(Invited) Transport Phenomena in Electrochemical Energy-Conversion Technologies

Monday, 2 October 2017: 08:00
Maryland D (Gaylord National Resort and Convention Center)
A. Z. Weber (Energy Conversion Group, Lawrence Berkeley National Lab, Lawrence Berkeley National Laboratory)
The issue of transport phenomena is omnipresent in various electrochemical energy-conversion technologies. There is a need to understand and optimize the various means for products and reactants, whether gas, liquid, or ions to get to and away from the reaction sites. Such transport often results in concentration polarization and ohmic effects in various electrochemical cells. Mathematical modeling and advanced diagnostics are ideally suited to elucidate and explore the impacts of transport phenomena on device performance.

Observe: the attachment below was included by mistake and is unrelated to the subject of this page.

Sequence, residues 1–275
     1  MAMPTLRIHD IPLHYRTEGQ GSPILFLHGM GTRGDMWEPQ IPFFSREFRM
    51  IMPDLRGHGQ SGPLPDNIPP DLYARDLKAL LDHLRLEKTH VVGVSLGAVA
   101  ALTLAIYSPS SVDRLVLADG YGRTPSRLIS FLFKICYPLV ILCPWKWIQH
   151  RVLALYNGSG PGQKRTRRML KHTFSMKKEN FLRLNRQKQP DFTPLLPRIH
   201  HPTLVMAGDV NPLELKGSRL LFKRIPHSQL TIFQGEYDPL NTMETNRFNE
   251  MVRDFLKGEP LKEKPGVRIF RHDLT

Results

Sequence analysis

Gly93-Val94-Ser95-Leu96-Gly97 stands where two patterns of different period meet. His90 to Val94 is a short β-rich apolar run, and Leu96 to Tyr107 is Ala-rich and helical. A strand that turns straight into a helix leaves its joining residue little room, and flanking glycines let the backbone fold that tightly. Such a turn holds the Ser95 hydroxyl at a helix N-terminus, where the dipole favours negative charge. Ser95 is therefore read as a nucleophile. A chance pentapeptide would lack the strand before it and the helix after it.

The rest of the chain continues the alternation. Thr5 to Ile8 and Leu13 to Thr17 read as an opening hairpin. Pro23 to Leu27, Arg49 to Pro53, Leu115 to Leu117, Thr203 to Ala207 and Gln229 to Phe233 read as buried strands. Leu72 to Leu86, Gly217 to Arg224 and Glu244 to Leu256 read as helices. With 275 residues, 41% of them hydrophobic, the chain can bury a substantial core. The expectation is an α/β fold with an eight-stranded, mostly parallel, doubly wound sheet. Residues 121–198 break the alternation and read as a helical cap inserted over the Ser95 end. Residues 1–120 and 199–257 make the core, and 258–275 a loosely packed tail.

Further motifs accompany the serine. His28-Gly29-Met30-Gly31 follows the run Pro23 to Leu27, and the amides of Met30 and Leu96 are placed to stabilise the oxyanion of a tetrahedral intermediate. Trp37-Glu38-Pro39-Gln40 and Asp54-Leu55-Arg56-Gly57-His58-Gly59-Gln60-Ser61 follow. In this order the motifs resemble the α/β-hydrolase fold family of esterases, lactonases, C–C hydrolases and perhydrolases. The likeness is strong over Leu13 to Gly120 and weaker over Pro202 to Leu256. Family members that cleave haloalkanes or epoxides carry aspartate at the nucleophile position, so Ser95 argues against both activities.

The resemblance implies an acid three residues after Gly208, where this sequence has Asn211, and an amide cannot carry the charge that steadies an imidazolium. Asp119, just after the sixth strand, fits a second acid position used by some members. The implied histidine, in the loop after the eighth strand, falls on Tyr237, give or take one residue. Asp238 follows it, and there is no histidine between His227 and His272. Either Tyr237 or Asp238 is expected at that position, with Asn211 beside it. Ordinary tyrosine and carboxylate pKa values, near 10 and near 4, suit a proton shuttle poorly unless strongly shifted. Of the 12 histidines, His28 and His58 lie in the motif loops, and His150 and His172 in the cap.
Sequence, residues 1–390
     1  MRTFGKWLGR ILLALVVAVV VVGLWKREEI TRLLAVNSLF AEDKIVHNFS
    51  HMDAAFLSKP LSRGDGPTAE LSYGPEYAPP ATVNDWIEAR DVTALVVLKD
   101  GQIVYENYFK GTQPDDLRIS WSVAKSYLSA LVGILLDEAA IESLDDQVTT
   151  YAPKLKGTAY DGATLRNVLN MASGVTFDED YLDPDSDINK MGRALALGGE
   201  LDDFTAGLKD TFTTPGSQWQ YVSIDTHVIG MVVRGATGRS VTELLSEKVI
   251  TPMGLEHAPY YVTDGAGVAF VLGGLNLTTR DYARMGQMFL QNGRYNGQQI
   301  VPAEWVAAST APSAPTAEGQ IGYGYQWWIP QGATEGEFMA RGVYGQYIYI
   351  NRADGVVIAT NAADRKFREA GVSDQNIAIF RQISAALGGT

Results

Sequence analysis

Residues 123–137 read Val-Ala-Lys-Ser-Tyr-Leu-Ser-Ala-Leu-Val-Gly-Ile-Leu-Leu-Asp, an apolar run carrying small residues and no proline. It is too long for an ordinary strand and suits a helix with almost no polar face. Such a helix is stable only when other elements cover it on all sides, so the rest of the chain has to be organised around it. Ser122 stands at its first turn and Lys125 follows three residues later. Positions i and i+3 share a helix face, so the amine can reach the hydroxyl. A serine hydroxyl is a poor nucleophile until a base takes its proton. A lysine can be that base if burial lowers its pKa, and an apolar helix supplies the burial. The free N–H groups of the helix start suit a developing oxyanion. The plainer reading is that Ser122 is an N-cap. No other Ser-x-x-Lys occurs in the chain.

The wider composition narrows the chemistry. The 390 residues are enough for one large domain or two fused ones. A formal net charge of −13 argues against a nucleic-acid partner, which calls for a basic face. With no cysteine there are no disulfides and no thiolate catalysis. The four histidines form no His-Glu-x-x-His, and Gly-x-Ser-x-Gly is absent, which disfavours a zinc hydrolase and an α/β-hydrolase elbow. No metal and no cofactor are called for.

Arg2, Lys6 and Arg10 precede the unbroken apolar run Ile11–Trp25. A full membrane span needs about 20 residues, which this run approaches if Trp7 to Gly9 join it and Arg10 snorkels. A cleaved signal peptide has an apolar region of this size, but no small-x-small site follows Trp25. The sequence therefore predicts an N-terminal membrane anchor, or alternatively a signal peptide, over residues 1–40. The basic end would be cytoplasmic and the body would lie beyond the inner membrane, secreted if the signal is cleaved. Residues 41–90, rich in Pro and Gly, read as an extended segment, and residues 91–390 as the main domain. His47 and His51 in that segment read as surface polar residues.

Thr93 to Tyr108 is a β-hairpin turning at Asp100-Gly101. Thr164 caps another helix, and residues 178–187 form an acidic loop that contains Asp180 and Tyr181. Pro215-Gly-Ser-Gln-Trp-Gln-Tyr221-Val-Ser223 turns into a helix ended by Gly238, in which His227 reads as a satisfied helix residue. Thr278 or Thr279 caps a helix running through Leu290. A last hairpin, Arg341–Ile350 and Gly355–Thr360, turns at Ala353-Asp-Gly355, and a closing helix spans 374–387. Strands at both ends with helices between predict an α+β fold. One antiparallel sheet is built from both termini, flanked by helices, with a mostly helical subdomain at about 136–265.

In this talk, we will discuss current research questions and issues related to transport phenomena in various electrochemical energy-conversion technologies including solar fuel generators, polymer-electrolyte fuel cells, and redox flow batteries. These various technologies share very similar architectures of typically ion-conducting polymer membranes sandwiched between thin catalyst layers that are porous electrodes. Specific topics to be discussed include reactant gas transport to the local reaction site in vapor-fed solar-fuel generators, local oxygen transport in polymer-electrolyte fuel cells, and ion transport and selectivity in redox flow batteries.


This work was funded by the Department of Energy under contract number DE-AC02-05CH11231.